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Fauci criticizes 'extreme' ideological divide that has led to disproportionate Covid deaths among Republicans

The president's outgoing chief medical adviser told NBC News it was “unconscionable” that some people did not get vaccinated “based on political ideology.”

Anthony Fauci, the federal government's top infectious disease expert and a chief proponent of Covid vaccines, sharply criticized the "extreme" ideological divide that he said has led to a disproportionate number of coronavirus deaths among Republicans compared to Democrats.

In an interview with NBC News' Lester Holt that aired Wednesday night, Fauci said he thought political viewpoints had a measurable effect on the number of people who could have been saved by the coronavirus vaccines.

"I mean, differences in ideology are healthy. It’s part of our democracy, part of what makes our country great. But when they get so extreme that it prevents you from doing something that’s lifesaving, that is really awful," he said on "Nightly News."

Several studies have found that Covid deaths are unevenly distributed among Republicans and Democrats. One study, published in September by the National Bureau of Economic Research, found that so-called excess death rates, or deaths elevated beyond what is expected based on historical trends, were 76% higher in Florida and Ohio among Republicans than Democrats from March 2020 to December 2021.

“The degree of divisiveness in this country right now has really led to such a polarization that it has interfered with an adequate science-based public health response,” said Fauci, who was a member of former President Donald Trump's Covid task force.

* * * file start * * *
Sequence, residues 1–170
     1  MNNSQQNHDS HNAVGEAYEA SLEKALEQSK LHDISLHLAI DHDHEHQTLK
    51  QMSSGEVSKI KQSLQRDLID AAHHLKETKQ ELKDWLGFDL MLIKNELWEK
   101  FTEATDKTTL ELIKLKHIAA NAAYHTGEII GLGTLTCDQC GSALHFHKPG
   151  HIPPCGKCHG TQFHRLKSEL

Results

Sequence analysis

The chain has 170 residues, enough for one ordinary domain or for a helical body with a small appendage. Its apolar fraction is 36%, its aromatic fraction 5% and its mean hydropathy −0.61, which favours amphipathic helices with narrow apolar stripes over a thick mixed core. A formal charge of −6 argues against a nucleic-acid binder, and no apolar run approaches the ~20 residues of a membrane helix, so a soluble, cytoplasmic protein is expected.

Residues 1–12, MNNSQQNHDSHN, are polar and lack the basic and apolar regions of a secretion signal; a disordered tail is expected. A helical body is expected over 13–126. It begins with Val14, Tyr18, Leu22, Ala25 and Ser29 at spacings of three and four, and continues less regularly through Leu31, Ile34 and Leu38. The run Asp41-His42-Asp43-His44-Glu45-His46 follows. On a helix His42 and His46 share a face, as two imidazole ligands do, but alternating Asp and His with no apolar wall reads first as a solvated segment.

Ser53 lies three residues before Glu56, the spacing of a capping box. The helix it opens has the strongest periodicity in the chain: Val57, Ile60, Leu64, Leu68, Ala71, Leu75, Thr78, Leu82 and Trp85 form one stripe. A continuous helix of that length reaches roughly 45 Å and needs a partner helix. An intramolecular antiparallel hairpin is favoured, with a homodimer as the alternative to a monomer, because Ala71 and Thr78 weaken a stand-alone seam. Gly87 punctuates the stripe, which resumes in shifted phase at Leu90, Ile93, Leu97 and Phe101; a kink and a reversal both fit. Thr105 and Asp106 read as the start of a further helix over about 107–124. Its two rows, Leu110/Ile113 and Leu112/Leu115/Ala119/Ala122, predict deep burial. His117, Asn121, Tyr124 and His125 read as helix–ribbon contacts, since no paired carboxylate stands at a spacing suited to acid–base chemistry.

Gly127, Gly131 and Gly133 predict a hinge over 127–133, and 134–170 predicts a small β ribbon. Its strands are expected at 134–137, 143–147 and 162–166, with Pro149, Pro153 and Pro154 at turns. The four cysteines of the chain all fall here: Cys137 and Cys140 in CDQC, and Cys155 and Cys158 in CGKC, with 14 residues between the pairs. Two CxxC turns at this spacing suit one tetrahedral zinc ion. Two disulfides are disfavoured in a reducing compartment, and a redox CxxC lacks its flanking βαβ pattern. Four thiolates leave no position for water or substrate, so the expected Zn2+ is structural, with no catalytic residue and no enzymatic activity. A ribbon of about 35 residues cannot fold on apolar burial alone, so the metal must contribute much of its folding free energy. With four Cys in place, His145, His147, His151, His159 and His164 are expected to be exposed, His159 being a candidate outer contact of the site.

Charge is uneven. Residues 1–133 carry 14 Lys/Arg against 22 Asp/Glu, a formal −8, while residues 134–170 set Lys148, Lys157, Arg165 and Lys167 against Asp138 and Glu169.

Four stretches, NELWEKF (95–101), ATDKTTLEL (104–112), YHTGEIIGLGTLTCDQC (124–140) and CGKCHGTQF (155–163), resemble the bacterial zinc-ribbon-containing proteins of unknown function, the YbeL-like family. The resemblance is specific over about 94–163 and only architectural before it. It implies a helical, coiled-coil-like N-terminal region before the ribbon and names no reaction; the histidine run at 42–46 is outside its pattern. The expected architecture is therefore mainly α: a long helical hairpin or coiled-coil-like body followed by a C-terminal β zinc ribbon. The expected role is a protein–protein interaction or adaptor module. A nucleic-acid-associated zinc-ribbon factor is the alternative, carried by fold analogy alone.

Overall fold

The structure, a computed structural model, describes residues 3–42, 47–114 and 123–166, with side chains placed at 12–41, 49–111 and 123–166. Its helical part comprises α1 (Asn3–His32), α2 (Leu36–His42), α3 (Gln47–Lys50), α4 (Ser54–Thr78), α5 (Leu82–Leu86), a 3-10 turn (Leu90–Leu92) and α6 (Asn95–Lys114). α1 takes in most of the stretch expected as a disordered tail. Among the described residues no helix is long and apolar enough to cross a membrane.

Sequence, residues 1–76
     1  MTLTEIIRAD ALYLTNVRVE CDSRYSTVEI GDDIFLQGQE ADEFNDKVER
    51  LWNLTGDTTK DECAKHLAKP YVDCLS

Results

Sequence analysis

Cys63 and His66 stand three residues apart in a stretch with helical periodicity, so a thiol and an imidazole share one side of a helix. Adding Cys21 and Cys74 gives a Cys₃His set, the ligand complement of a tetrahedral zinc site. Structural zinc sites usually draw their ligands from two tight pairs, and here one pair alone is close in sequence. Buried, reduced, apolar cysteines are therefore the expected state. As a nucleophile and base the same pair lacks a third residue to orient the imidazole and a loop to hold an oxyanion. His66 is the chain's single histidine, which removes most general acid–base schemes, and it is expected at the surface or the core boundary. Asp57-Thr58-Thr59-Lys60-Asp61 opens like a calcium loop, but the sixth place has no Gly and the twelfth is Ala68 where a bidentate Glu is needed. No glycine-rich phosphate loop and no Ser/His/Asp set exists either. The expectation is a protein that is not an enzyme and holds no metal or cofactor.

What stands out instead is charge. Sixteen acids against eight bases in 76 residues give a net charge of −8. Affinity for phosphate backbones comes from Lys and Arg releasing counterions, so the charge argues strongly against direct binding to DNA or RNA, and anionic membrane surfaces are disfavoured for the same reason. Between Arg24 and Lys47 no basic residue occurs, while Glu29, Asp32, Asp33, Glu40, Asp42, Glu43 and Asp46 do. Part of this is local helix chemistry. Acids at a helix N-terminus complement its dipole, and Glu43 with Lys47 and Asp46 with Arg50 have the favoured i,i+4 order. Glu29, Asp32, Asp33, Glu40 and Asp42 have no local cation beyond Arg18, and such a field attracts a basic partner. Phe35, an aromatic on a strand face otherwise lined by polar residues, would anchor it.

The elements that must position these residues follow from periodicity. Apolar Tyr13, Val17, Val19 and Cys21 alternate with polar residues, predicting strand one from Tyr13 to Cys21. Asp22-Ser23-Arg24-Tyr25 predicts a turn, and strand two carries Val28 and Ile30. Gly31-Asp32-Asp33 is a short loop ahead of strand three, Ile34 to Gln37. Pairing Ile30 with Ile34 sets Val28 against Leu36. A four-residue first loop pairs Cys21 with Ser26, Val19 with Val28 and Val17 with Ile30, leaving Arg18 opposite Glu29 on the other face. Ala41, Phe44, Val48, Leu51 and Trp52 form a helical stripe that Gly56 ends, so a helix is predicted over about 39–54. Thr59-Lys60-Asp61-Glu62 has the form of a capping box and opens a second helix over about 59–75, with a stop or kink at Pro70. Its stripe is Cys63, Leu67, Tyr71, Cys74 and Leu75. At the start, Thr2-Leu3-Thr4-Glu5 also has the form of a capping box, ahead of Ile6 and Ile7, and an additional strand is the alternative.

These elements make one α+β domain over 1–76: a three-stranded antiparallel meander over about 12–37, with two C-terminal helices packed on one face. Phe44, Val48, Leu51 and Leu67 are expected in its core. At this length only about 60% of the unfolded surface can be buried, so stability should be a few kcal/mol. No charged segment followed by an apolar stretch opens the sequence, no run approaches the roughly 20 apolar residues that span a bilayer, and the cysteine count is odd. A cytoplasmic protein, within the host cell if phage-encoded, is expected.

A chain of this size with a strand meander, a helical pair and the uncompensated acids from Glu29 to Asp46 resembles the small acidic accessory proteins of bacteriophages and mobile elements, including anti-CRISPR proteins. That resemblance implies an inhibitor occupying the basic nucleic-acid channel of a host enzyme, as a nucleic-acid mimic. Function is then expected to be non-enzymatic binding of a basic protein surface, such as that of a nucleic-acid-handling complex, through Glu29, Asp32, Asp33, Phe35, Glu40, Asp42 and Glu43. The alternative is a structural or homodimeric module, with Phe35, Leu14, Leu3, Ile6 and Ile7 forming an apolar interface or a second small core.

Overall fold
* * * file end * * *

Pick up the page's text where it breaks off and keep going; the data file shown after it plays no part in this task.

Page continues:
“I mean, it’s just extraordinary that you have under-vaccination in red states and good levels of vaccination in blue states, which gets translated into a disproportionate amount of suffering and death among Republicans compared to Democrats,” he added. “That’s completely crazy.”

Fauci was asked whether he regretted how he handled congressional hearings in which he was personally attacked — including by Sen. Rand Paul, R-Ky., who frequently criticized Fauci's handling of the pandemic.

"I think 99.9% of the time, I have been my usual self, which is very calm and measured," Fauci said. "The only time I really got upset was when Senator Paul, totally inappropriately, on national TV, that was following that hearing, accused me of being responsible for the death of 5 million people. Now, with all due respect, I’m not going to take that from anybody, including a senator. ... When you start off by, you know, being accusatory based on no evidence whatsoever and making a slanderous comment that that has to go answered, you can’t let that go unanswered."

Fauci is scheduled to appear Friday at a virtual town hall hosted by the White House urging people to get Covid boosters ahead of the winter holidays, in what is likely to be one of his last public appearances as President Joe Biden's chief medical adviser. Fauci announced in August that he would step down at the end of the year.

Fauci also said over the summer that he would leave his job at the National Institute of Allergy and Infectious Diseases, which he has directed since 1984. But he said he does not plan to retire.

In his interview, Fauci reiterated that he is "not even close" to retiring.

Fauci previously told NBC News he is exploring plans that could include work in academia, for a foundation or on his own, adding that he is “highly likely” to write a book.